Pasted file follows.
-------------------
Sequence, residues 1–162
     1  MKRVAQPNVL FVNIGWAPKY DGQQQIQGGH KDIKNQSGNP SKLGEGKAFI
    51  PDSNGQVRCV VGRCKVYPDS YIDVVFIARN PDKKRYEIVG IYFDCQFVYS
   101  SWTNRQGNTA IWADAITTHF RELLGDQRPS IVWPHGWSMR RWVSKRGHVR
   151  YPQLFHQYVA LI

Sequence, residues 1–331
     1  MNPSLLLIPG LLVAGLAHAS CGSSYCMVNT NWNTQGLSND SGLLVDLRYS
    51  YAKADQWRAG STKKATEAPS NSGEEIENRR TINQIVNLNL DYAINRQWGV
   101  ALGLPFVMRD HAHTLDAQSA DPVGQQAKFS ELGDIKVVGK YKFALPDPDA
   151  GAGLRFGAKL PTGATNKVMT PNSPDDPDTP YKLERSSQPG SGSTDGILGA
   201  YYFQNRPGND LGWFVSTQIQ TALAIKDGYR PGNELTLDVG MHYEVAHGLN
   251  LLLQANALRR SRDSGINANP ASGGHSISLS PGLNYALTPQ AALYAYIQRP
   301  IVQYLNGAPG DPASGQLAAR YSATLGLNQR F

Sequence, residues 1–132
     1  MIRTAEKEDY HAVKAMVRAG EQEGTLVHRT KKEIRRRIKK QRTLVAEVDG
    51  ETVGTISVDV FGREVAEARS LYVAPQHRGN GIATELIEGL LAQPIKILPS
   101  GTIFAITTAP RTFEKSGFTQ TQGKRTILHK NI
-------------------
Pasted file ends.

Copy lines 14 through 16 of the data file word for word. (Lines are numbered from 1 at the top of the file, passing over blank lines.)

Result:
Sequence, residues 1–132
     1  MIRTAEKEDY HAVKAMVRAG EQEGTLVHRT KKEIRRRIKK QRTLVAEVDG
    51  ETVGTISVDV FGREVAEARS LYVAPQHRGN GIATELIEGL LAQPIKILPS